A major change took place in Massachusetts criminal law yesterday, and fairly quietly at that.

For years, 17 year-old criminal defendants have been charged and tried as adults in Massachusetts. This law was enacted several years ago in the wake of several extremely violent and disturbing crimes committed by teenagers between the age of 16 and 18. At 18 years of age, all criminal defendants are treated as adults. At 16 years of age or younger, it’s fairly arguable that such offenders belong in the juvenile court system. But there was always a nagging question of how to treat 17 year-old defendants. Law-and-order advocates wanted to take a tough stance, and they were able to do just that for several years under this law in Massachusetts.

However, Governor Deval Patrick just changed all that, by signing into law a bill that will place all 17 year-old criminal defendants under the jurisdiction of the Massachusetts Juvenile Court Department, not the “regular” courts. What does this mean? It means that the maximum penalties for juvenile offenders are far less than if they were charged as adults – regardless of the particular offense, and regardless of the severity of the crime. This is true even if the underlying crimes were violent and terrible harm resulted. Supporters of the new law argue that thirty-nine other states as well as federal prosecutors use the age of 18 to determine adult criminal jurisdiction.

The new law requires that upon any convictions, 17-year-olds be placed into the custody of the Massachusetts Department of Youth Services, instead of being sentenced to a normal adult prison or jail. In cases of especially violent crimes, there is a provision that “allows”, juvenile court judges the discretion to impose an adult sentence. Note: This provision allows a juvenile court judge to impose and adult sentence – it does not require it, or even suggest it. As a Boston teenage criminal defense lawyer, I can assure people that 98% of juvenile court judges would not impose an adult jail or prison sentence on a juvenile defendant who has been convicted of a violent crime – even an especially violent crime. So that provision really exists in theory only.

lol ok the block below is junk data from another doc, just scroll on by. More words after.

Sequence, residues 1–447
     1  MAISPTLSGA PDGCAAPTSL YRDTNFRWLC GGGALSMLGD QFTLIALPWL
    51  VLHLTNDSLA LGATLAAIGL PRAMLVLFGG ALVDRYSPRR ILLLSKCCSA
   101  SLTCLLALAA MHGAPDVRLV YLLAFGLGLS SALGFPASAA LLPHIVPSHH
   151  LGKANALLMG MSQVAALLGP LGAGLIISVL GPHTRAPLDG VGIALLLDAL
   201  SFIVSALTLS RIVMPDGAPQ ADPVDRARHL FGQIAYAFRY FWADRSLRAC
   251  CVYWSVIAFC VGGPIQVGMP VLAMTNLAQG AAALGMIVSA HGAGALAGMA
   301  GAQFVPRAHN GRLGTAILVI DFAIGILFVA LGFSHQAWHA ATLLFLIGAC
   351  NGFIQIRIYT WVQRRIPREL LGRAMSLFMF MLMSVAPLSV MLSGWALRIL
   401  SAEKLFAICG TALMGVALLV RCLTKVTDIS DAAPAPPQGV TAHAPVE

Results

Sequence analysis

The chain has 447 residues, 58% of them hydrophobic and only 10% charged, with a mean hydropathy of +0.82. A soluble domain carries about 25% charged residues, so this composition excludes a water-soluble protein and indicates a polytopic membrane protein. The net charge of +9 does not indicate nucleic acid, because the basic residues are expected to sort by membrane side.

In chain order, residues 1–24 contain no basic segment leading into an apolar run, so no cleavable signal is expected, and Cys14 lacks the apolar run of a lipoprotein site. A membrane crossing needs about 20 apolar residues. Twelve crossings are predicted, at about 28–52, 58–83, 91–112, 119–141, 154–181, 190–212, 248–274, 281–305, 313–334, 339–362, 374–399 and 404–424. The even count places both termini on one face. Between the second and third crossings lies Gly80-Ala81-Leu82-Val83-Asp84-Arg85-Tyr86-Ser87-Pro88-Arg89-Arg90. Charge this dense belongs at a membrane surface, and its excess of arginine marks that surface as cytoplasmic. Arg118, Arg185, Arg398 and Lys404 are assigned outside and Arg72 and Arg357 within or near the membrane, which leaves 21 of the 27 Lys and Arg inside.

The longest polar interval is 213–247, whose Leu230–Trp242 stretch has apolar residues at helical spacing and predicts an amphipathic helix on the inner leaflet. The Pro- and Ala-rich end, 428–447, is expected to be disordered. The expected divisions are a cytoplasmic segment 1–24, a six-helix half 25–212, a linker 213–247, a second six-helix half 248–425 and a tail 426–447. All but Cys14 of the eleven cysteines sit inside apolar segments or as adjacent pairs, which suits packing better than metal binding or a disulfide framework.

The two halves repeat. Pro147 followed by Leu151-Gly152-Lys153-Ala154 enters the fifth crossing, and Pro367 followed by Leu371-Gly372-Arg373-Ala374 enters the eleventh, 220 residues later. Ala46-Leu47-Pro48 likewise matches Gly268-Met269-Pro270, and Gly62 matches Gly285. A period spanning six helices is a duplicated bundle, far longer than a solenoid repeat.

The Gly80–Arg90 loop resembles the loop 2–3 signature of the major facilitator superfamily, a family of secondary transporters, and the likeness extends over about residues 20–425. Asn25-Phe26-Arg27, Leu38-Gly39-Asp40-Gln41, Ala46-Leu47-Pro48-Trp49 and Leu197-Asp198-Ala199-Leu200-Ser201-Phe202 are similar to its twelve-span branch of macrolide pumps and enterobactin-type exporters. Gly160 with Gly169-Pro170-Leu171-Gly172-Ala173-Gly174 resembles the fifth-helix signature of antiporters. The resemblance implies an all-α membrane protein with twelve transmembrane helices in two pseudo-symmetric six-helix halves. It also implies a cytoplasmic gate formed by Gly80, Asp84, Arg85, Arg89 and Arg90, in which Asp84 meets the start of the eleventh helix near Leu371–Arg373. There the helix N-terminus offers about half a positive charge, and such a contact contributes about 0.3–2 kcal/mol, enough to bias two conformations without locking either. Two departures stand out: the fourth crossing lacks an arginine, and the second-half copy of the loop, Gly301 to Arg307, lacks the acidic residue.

Very importantly, the new law also means that17-year-old criminal defendants will not receive an adult criminal record. Supporters of the new law argue that this will help youthful offenders recover from mistakes made when young, and be able to make a fresh start on life.

Crime victims and their advocates say something very different. They argue, correctly, that a 17 year-old could violently assault and beat someone, rape someone, shoot or stab someone, burn someone’s house down, and commit any sort of violent crime – even, in theory, kill someone – and not do a day or “normal” jail or prison time. More so, they will never even have a criminal record. Again, the ‘safety valve’ provision in the law allowing a juvenile judge to impose and adult prison or jail sentence, is really little more than a paper tiger. As a Dedham juvenile defense lawyer, I predict that will almost never happen, since most juvenile judges are very liberal when it comes to juvenile offenders.

My opinion as a Dedham criminal defense lawyer? I think the previous law should have been amended, not eliminated, to keep17 year-old defendants in the regular court system, but allow judges the discretion to remand a 17 year-old defendant to the juvenile court, if the circumstances so warranted it. I think that would have held 17 year-old defendants accountable as a general rule, yet allow judges the ability to transfer them to juvenile court when the facts support it. That’s how the system should work – not the other way around, as Gov. Patrick has enacted. The presumption should be: Adult court first, with the possibility of having the case transferred “down” to juvenile court, depending on the background facts.

To those who disagree, I’d say this: Talk to someone who’s been violently attacked by a 17 year-old. And ask yourself how you’d feel if you saw that kid get a slap on the wrist, never do a day of jail time, and even walk away without any adult criminal record.

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